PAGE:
1995 British Family Expenditure Survey

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Description

British cross-section data consisting of a random sample taken from the British Family Expenditure Survey for 1995. The households consist of married couples with an employed head-of-household between the ages of 25 and 55 years. There are 1655 household-level observations in total.

Usage

1
data("Engel95")

Format

A data frame with 10 columns, and 1655 rows.

food

expenditure share on food, of type numeric

catering

expenditure share on catering, of type numeric

alcohol

expenditure share on alcohol, of type numeric

fuel

expenditure share on fuel, of type numeric

motor

expenditure share on motor, of type numeric

fares

expenditure share on fares, of type numeric

leisure

expenditure share on leisure, of type numeric

logexp

logarithm of total expenditure, of type numeric

logwages

logarithm of total earnings, of type numeric

nkids

number of children, of type numeric

Source

Richard Blundell and Dennis Kristensen

References

Blundell, R. and X. Chen and D. Kristensen (2007), “Semi-Nonparametric IV Estimation of Shape-Invariant Engel Curves,” Econometrica, 75, 1613-1669.

Li, Q. and J.S. Racine (2007), Nonparametric Econometrics: Theory and Practice, Princeton University Press.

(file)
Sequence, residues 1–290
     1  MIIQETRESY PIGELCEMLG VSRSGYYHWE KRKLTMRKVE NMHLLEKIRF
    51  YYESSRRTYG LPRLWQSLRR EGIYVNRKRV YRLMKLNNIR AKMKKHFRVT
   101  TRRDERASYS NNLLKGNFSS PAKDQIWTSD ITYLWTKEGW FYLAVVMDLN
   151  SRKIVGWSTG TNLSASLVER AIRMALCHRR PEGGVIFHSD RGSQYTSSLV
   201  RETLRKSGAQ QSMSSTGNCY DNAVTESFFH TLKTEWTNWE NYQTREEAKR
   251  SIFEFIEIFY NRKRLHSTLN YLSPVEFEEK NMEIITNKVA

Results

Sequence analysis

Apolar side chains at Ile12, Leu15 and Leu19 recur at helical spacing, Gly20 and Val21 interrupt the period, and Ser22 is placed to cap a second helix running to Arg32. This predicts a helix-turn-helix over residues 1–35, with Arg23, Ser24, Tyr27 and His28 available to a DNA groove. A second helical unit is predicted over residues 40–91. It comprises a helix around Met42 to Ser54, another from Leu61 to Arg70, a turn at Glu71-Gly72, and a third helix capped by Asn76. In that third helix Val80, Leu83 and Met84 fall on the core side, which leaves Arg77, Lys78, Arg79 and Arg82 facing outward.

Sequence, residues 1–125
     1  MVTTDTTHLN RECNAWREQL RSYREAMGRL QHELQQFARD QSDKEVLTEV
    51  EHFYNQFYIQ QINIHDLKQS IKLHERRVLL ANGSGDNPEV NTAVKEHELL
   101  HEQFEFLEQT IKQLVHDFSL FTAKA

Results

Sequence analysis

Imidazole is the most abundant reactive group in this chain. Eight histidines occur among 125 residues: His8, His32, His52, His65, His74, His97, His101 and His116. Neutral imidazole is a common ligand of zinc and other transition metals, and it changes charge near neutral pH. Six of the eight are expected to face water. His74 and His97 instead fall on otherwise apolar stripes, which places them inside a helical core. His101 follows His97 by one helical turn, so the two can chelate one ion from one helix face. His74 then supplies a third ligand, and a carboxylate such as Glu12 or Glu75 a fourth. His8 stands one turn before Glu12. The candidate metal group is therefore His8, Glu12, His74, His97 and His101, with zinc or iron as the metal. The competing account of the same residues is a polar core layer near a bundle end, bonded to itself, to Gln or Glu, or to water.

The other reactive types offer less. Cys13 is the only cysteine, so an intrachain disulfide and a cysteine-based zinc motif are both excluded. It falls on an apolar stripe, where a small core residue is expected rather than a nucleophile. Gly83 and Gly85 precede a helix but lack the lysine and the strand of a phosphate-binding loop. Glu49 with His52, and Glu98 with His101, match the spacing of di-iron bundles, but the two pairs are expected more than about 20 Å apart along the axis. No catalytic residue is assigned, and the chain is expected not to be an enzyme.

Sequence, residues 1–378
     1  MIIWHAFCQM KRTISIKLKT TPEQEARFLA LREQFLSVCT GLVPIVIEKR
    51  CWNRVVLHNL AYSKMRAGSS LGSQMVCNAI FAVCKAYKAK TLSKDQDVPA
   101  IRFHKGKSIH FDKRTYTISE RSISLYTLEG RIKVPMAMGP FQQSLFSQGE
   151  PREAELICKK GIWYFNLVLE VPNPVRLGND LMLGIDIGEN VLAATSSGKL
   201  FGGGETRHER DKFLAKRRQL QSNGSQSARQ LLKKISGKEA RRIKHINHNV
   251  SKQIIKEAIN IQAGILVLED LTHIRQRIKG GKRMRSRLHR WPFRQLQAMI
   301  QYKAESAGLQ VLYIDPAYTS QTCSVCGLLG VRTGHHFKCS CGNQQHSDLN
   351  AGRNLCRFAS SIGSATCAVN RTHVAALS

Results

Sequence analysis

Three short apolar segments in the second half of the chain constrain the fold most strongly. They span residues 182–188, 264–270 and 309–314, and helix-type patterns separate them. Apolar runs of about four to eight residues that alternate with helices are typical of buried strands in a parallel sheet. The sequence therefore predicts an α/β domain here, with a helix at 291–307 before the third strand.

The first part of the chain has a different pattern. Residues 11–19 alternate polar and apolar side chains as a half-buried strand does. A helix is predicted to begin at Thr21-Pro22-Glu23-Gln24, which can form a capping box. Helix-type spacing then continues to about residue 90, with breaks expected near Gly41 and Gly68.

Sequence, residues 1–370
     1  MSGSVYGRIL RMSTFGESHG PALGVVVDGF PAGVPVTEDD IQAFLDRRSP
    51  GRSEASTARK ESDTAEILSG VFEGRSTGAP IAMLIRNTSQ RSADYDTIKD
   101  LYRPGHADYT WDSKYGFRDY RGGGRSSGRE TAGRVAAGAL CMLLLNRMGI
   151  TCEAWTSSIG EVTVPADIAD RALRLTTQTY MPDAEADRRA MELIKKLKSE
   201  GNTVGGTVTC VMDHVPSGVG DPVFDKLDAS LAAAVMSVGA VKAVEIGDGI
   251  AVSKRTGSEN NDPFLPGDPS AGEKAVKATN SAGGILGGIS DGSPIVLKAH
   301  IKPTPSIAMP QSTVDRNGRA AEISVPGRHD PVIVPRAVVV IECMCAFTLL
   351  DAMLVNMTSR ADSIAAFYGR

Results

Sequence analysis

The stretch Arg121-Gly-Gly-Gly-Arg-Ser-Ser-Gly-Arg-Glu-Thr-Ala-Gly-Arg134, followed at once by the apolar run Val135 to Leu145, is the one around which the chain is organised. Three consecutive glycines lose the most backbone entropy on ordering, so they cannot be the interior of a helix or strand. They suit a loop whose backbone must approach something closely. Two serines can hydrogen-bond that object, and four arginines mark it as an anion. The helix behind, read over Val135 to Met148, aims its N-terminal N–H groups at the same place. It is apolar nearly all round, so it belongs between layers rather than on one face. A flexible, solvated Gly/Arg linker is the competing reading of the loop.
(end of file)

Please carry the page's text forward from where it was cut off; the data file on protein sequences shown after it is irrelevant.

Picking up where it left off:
Examples

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## Not run: 
## Example - we compute nonparametric instrumental regression of an
## Engel curve for food expenditure shares using Landweber-Fridman
## iteration of Fredholm integral equations of the first kind.

## We consider an equation with an endogenous predictor (`z') and an
## instrument (`w'). Let y = phi(z) + u where phi(z) is the function of
## interest. Here E(u|z) is not zero hence the conditional mean E(y|z)
## does not coincide with the function of interest, but if there exists
## an instrument w such that E(u|w) = 0, then we can recover the
## function of interest by solving an ill-posed inverse problem.

data(Engel95)

## Sort on logexp (the endogenous predictor) for plotting purposes
## (i.e. so we can plot a curve for the fitted values versus logexp)

Engel95 <- Engel95[order(Engel95$logexp),] 

attach(Engel95)

model.iv <- crsiv(y=food,z=logexp,w=logwages,method="Landweber-Fridman")
phihat <- model.iv$phi

## Compute the non-IV regression (i.e. regress y on z)

ghat <- crs(food~logexp)

## For the plots, we restrict focal attention to the bulk of the data
## (i.e. for the plotting area trim out 1/4 of one percent from each
## tail of y and z). This is often helpful as estimates in the tails of
## the support are less reliable (i.e. more variable) so we are
## interested in examining the relationship `where the action is'.

trim <- 0.0025

plot(logexp,food,
     ylab="Food Budget Share",
     xlab="log(Total Expenditure)",
     xlim=quantile(logexp,c(trim,1-trim)),
     ylim=quantile(food,c(trim,1-trim)),
     main="Nonparametric Instrumental Regression Splines",
     type="p",
     cex=.5,
     col="lightgrey")

lines(logexp,phihat,col="blue",lwd=2,lty=2)

lines(logexp,fitted(ghat),col="red",lwd=2,lty=4)

legend(quantile(logexp,trim),quantile(food,1-trim),
       c(expression(paste("Nonparametric IV: ",hat(varphi)(logexp))),
         "Nonparametric Regression: E(food | logexp)"),
       lty=c(2,4),
       col=c("blue","red"),
       lwd=c(2,2),
       bty="n")

## End(Not run)